My parents and friends expressed shock and horror when I told them that I’m choosing to remain single for the rest of my life.
They couldn’t understand what brought me to such a decision, and they thought I was crazy. At first, black feminism was to blame before the conclusion that perhaps my high standards resulted in my inability to find love.
As the first born daughter in my family, it is expected of me to be married at least by the age of 30 and produce pretty grandchildren to extend the family. At some point, I’m expected to pump the breaks on my career and focus on family, or adhere to the “modern woman” expectation of juggling career, marriage and motherhood in my 30s.
I don’t blame them for being shocked because marriage is a social expectation for women, more so black women who, according to culture, have their womanhood defined by being wives and mothers by the time they reach their 20s. In my culture, the rite of passage into womanhood happens at 21 through the custom of umemulo, which indicates that a young girl is all grown up and is ready to accept a boyfriend and get married. Marriage becomes a part of a woman’s identity.
I’m not at all against marriage, even though it has been tainted by patriarchal norms that make light of a woman’s personhood. If anything, it’s a beautiful thing when two people that sincerely love each other enter into it. My parents have been married for 30 years and are a prime example of a healthy marriage, one filled with respect, mutual understanding and love.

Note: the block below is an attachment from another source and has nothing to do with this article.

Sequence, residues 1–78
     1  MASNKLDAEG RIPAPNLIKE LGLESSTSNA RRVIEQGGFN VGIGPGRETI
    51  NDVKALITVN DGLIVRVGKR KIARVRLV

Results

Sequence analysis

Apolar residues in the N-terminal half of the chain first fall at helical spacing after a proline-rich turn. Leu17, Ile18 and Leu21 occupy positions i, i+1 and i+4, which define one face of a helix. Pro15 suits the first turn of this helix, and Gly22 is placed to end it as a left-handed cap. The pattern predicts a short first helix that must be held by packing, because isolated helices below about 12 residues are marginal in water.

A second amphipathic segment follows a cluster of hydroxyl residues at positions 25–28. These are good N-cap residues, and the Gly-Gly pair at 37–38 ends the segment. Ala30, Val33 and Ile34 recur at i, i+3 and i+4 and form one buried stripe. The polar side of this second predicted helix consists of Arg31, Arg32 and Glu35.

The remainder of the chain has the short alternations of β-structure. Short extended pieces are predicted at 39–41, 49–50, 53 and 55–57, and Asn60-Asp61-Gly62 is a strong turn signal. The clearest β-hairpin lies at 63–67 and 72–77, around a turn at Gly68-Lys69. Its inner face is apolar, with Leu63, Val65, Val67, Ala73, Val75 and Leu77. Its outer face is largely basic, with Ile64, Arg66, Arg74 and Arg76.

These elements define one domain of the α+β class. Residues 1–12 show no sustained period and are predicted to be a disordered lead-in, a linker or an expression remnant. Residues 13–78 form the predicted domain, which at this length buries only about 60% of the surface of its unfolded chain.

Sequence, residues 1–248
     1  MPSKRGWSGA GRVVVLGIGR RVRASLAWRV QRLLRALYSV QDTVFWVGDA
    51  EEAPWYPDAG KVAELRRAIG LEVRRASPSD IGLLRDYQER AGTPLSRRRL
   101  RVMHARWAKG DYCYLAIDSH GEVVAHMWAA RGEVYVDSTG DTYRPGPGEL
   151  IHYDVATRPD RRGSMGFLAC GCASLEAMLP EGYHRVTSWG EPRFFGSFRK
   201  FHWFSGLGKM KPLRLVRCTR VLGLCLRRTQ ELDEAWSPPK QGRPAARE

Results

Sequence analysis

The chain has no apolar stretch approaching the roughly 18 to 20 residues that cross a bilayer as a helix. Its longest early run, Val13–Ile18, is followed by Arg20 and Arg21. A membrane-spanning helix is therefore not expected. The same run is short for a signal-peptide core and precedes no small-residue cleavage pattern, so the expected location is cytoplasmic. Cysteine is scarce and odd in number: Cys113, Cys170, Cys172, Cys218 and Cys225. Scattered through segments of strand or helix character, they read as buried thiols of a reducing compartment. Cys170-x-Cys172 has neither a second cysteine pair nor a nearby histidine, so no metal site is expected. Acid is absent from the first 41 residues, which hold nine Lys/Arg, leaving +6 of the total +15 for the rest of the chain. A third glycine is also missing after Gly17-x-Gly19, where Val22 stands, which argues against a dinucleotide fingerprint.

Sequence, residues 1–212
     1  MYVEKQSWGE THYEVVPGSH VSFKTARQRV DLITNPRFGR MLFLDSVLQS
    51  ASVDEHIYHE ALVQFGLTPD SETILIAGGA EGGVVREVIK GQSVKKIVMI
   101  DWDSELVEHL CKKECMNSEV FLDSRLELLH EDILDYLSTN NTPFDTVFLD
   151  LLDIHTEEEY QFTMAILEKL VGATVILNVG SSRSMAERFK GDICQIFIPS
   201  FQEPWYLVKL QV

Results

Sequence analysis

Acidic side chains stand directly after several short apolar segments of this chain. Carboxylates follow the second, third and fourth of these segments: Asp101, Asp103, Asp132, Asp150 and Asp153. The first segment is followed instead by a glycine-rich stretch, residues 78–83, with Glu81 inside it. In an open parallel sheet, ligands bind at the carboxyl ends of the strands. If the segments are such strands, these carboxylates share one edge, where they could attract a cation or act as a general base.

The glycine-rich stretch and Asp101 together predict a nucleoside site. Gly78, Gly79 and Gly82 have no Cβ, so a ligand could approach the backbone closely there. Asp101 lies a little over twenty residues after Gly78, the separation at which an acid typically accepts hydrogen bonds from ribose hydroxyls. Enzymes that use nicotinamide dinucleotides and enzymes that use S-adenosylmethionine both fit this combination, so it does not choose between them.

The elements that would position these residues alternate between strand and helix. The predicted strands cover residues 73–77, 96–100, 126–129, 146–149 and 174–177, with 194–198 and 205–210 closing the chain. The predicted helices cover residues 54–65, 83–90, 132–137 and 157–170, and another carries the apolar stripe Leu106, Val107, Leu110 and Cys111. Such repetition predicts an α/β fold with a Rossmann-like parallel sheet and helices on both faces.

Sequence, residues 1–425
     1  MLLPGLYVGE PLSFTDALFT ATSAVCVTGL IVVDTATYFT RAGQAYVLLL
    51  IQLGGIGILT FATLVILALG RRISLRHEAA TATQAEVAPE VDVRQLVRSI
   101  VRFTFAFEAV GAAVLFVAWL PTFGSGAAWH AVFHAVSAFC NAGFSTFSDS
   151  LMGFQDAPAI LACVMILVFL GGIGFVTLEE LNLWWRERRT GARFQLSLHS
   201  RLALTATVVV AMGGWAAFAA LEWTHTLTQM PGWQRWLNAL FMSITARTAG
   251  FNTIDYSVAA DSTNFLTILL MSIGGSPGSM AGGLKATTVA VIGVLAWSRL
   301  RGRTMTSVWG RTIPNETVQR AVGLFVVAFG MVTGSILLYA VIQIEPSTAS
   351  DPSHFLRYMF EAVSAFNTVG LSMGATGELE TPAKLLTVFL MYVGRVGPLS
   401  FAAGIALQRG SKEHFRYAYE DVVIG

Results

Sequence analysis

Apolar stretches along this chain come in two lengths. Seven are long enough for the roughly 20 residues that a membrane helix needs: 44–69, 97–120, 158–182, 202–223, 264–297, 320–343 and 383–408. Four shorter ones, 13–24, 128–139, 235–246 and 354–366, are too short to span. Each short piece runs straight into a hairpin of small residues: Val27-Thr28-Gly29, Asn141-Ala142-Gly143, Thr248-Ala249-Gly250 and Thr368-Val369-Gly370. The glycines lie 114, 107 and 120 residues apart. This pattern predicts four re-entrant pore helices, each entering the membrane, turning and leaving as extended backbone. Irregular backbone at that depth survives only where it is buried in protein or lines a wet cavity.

I’ve had my fair share of relationships, and not all were bad experiences. However, I entered into them because dating was an expectation, even though I had no real desire to date. Growing up, my lack of desire to be coupled confused me, and I thought that it was all in my head. But as I grew older, the deep sense that singleness was for me grew more pronounced.
I realized that I was a lot happier and free by myself, and relationships overwhelmed me, like I was tied into something I didn’t want nor desire. I felt out of place because no one understood what I was feeling. I found sexual intimacy to be invasive, not because I was afraid of the closeness it brings, but because I truly did not want such a relationship.
I’m not isolated and devoid of any human connection because humans are designed for relationships. I feel happy and fulfilled with the connections I have with family, friends, nieces and nephews. But I have no desire to be in romantic relationships or to experience sexual intimacy.
I don’t expect to have an easy ride with this decision, especially where social expectations of me as a woman are concerned, but I am happy that I made it.
*image from Beyonce.